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Old January 20th, 2011, 03:18 PM   #381
Baron Hirsch
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Thank you, let us hope that we can save what there is to save.
Meanwhile, some rail activists have posted images of the train sheds at Kalamata on the Peleponnese, one of the lines due to be closed down. The workers from the shed have already been posted elsewhere, and the trains, some of them only 7 years old, are left to rot or be vandalized. The activists ask for further circulation of these pictures to raise awareness for the investments, rolling stock and infrastructure that is laid to waste by the planned measures at OSE.
For detailed description/debate see
http://www.drehscheibe-foren.de/fore...php?30,5215375 (in German)
or
http://www.amnizia.com/forum/viewtop...=3011&start=60 (in Greek)
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Old January 21st, 2011, 02:00 AM   #382
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On the other hand, the Patras suburban service (also using the Peloponnese narrow gauge network arround the city) seems to be going rather well, with the metric Stadler Railbuses recently added to the fleet. This 18:11 service from the suburbs to Patras Railway station, according to railfan Vasileios Gklavas who took the photo very recently, was almost full, carrying 120 passengers circa. Patras suburban trains run every hour in each direction:


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Old January 29th, 2011, 03:12 PM   #383
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pictures from kalamata are shocking!
I imagine illegal immigrants make toilet of them

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Old January 30th, 2011, 03:29 AM   #384
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Quote:
Originally Posted by RelaxInPireaus View Post
pictures from kalamata are shocking!
I imagine african, pakistani and afghan people make toilet of them
Hey what's that supposed to mean? That seems pretty racist..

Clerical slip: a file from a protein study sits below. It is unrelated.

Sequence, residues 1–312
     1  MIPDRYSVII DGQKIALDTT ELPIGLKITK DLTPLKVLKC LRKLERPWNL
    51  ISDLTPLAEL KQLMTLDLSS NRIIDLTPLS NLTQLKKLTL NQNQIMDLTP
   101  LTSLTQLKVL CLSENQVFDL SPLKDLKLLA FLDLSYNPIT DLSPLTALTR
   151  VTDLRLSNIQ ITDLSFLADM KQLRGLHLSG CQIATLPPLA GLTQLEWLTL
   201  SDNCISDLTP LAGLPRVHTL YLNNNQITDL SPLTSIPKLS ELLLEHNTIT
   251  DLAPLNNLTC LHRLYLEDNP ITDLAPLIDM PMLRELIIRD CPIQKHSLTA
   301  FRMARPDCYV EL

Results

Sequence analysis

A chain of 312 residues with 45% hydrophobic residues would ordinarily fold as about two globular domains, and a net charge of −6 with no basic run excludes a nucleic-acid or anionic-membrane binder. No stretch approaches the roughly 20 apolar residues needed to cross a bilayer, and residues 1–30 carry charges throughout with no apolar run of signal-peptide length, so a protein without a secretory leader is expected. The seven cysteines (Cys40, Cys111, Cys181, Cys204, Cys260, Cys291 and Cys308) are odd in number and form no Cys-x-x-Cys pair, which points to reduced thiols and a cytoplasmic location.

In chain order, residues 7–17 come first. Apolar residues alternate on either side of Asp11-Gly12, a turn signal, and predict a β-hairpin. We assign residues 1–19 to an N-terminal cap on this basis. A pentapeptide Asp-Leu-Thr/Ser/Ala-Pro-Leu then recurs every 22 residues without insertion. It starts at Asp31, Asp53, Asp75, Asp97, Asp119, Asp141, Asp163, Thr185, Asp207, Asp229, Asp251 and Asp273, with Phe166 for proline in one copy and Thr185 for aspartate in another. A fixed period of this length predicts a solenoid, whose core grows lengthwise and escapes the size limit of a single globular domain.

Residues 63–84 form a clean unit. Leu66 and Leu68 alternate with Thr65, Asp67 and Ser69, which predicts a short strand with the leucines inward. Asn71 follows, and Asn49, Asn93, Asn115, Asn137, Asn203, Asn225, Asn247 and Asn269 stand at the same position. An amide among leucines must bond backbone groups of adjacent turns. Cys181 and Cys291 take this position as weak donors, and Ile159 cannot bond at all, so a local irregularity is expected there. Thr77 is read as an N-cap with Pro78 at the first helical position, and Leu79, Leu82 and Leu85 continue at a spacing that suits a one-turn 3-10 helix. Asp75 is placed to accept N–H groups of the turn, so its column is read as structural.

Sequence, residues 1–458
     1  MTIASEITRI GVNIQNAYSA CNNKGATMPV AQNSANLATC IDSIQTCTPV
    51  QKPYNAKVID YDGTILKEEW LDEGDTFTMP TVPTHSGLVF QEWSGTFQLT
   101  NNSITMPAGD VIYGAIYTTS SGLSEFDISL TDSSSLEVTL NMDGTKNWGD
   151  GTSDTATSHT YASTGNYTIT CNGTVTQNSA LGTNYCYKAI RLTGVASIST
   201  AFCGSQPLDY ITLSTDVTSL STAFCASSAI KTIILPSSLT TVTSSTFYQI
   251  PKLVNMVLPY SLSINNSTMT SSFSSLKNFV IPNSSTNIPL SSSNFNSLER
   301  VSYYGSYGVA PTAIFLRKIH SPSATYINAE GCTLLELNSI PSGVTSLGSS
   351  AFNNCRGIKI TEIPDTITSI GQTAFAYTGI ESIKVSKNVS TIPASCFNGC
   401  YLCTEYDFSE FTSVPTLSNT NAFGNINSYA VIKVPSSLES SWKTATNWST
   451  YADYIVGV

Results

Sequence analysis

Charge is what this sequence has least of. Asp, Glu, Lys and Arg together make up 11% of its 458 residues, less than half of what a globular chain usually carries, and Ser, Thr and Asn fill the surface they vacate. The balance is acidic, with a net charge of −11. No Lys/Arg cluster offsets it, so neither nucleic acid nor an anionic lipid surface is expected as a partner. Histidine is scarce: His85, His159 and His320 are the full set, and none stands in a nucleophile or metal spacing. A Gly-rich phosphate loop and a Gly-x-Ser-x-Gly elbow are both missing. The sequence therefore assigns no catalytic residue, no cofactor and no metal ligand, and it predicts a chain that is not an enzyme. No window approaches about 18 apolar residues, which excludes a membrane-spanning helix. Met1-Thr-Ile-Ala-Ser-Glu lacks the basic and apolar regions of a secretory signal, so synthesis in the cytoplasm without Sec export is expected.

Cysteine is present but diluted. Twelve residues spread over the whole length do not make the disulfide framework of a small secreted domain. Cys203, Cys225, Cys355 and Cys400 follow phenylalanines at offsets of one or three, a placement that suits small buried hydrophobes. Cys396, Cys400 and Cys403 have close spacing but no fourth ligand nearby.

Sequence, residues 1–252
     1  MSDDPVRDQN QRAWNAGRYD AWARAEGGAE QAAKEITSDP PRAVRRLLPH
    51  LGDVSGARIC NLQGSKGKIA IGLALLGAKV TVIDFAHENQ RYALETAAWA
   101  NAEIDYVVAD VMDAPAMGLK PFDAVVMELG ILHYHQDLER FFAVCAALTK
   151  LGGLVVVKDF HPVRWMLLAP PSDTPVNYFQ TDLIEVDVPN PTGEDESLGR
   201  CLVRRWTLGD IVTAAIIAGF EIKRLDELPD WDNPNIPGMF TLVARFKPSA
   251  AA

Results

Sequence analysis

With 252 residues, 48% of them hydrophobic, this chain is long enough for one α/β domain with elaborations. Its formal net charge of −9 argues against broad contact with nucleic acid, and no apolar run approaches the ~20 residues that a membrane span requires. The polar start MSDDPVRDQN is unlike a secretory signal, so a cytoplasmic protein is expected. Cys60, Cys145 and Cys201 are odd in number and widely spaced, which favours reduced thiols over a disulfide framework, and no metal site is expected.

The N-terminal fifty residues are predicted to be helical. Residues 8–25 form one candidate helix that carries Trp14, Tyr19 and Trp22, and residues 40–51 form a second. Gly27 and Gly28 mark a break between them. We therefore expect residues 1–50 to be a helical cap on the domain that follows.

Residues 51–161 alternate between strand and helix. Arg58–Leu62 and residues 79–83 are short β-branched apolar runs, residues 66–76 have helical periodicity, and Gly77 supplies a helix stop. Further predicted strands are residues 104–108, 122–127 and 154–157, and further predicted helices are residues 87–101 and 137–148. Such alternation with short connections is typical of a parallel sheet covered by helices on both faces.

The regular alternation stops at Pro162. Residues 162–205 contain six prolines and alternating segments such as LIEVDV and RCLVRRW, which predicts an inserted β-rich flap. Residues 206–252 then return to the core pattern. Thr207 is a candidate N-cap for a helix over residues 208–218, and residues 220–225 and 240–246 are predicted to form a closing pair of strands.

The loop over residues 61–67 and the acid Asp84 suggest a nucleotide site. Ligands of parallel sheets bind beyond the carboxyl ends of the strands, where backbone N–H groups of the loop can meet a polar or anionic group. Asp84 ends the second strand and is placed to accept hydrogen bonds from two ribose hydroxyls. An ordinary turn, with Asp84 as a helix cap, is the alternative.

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Old January 31st, 2011, 03:22 AM   #385
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Greece will now be the only country in continental Europe besides Albania that runs no international passenger services.
Not true! You're forgetting San Marino and Andorra :-p
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Old January 31st, 2011, 10:09 AM   #386
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Not true! You're forgetting San Marino and Andorra :-p
I mean: countries which have a rail link and don't use it. Strictly speaking that includes the Vatican, but come on, none of these make for a favorable comparison. Greece is by far the largest of these countries, and it is (for the moment) the richtest country in Southeast Europe, and its railways and other public services should be up to that standard, and if not, then the country's citizens had better do something about it.

But let us not dwell on the gloomy comparisons. For the moment the international trains are still operating, as are the local trains listed for cancellation, thanks to public pressure not to dismantle OSE. Keep up the good work!
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Old February 4th, 2011, 04:05 PM   #387
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Thanks for the clean sweap, dear editors!
Back to topic: the Turkish Railways website announced today that the Salonica - Constantinople Philia-Express will be cancelled as of 13 February. I suspect this the other international trains from Salonica will be cancelled simultaneously. In effect it seems Greece will restrict itself to running local trains out of Salonica, Athens and Patras and someday maybe the occasional, artifically slow train between those three cities, but not more than would offend the bus mafia. This is truly sad. I hope someday somewhere somebody will reverse the process, but am not very optimistic.
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Old February 5th, 2011, 06:52 PM   #388
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Quote:
Originally Posted by Baron Hirsch View Post